It is also important for nurses to take part in professional meetings and conferences to improve their knowledge. The knowledge and experience of these nurses would enable them have the ability to temporarily fill in for senior management positions. The nurse I interviewed was given an opportunity not long after she qualified. The position was to relieve a higher position ranking officer despite her lacking experience in the area. In case of financial problems, it is important for nurses to look for vocational training and education programs that are available for refugees and migrants. These include colleges, universities and TAFE colleges that are funded by the government agency to support and train job seekers.

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Conclusion

The government should also strive to improve the conditions of minority groups through setting policies to criminalize discrimination against the minority groups.  The policy should be diverse and universally complex to address the political, economic, cultural and historical environments of the nursing environments the nurses from minority groups operate in. Individual nurses should also play an active role in eliminating discrimination in nursing. The nurses should desist from discriminating against their colleagues and rebuke anyone who engages in the practice. This will help in eliminating discrimination one nurse at a time. Additionally, the nursing field should use sports to enhance social inclusion, counter negative stereotypes in addition to promoting, respecting and maintaining values, heritage, and culture of the minority groups to prevent discrimination at the workplace.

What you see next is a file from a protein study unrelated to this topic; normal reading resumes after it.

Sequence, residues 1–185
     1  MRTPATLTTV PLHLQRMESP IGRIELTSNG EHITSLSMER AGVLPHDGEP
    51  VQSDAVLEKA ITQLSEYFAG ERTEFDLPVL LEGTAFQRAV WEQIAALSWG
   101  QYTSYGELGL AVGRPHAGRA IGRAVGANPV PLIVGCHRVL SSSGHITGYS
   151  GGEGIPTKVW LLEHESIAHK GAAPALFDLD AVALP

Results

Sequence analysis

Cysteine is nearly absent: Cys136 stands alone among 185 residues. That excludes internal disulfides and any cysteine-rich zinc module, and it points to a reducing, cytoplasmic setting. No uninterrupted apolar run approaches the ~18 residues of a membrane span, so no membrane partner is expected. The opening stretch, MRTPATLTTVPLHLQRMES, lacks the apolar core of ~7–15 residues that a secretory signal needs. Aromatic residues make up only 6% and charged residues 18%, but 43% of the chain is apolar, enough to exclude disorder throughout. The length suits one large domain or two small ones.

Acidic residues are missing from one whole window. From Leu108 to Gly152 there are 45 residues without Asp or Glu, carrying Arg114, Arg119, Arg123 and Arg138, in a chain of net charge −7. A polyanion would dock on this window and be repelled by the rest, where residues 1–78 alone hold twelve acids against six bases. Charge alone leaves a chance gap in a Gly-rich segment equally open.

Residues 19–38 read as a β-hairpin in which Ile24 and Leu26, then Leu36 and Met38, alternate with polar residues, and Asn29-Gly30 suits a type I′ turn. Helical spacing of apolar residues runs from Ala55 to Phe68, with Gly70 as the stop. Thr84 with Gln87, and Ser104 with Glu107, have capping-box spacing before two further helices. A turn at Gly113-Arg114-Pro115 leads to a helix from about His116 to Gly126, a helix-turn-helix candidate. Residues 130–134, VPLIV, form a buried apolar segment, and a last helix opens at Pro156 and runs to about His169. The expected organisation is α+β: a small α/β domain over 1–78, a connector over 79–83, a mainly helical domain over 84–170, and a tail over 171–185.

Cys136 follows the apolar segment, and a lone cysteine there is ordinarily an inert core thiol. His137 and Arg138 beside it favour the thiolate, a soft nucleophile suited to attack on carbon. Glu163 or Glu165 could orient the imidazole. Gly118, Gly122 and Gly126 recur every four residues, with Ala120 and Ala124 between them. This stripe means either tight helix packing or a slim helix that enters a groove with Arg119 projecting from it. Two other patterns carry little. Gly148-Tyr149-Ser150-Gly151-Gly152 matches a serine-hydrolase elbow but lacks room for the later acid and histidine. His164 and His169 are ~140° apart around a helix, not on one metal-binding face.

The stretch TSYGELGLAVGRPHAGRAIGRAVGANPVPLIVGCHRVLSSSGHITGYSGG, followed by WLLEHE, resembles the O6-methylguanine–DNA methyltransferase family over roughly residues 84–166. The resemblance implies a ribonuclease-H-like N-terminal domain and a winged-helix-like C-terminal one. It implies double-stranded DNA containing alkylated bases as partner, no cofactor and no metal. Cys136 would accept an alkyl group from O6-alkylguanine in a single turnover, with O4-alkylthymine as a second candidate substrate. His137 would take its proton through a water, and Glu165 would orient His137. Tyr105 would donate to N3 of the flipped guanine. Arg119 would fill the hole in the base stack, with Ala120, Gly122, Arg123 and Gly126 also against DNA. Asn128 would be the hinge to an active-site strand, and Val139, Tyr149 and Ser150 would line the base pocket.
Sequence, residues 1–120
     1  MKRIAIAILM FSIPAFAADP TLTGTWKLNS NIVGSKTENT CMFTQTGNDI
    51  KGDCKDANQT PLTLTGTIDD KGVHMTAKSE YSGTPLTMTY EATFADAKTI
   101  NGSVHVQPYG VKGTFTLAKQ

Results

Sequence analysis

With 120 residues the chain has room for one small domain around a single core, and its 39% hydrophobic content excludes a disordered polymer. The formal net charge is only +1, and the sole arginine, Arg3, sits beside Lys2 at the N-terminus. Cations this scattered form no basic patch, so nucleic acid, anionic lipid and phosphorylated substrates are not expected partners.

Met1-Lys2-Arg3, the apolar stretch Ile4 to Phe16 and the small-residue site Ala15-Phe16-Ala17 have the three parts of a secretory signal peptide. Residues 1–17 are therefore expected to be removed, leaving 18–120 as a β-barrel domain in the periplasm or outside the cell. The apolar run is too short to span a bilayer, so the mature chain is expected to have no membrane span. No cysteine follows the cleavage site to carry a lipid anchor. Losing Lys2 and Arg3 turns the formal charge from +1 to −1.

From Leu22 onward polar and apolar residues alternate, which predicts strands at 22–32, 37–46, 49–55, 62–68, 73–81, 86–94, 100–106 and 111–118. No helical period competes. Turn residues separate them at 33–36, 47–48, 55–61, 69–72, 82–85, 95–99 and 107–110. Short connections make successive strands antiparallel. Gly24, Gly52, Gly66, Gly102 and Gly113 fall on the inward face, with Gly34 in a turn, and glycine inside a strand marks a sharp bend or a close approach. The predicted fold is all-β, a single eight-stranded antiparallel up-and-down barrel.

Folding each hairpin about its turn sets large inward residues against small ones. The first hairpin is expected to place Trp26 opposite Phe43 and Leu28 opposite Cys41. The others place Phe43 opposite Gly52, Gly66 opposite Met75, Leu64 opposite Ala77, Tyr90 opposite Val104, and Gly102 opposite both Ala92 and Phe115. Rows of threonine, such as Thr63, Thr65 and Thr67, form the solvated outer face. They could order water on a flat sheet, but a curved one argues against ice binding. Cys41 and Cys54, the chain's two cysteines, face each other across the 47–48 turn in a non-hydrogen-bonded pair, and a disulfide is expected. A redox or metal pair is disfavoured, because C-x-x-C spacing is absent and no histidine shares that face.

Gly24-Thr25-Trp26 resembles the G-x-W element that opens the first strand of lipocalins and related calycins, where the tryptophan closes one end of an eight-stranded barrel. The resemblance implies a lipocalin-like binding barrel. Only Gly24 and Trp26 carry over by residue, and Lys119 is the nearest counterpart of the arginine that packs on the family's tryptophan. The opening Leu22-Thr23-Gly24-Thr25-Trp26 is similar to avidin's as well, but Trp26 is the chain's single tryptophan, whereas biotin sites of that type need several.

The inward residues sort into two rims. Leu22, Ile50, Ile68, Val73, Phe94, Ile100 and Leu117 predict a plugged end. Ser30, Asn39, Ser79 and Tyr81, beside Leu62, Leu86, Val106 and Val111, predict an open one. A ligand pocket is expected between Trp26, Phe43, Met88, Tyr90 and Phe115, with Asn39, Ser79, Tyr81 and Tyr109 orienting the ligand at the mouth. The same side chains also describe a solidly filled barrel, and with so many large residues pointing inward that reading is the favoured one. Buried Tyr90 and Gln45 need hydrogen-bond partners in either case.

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  1. Australian Human Rights Commission. Workplace discrimination, harassment and bullying. Australian Human Rights Commission, November 2014. Web. https://www.humanrights.gov.au/sites/default/files/GPGB_workplace_discrimination_harassment_bullying_0.pdf Retrieved on May 31, 2018.
  2. Horvitz, Leslie Alan, and Christopher Catherwood. Encyclopedia of war crimes and genocide. Infobase Publishing, 2014. Print.
  3. Lampert, Lynda. Discrimination in Nursing.Ausmed, October 27, 2016. Web. https://www.ausmed.com/articles/discrimination-in-nursing/Retrieved on May 31, 2018.
  4. Lassetter, Jane H., and Lynn C. Callister. “The impact of migration on the health of voluntary migrants in western societies: a review of the literature.” Journal of Transcultural Nursing 20.1 (2009): 93-104. Print.
  5. West, Thomas G. The Political Theory of the American Founding. Cambridge: Cambridge University Press, 2017. Print.
  6. Williams, David R., and Selina A. Mohammed. “Discrimination and racial disparities in health: evidence and needed research.” Journal of behavioral medicine 32.1 (2009): 20-47. Print.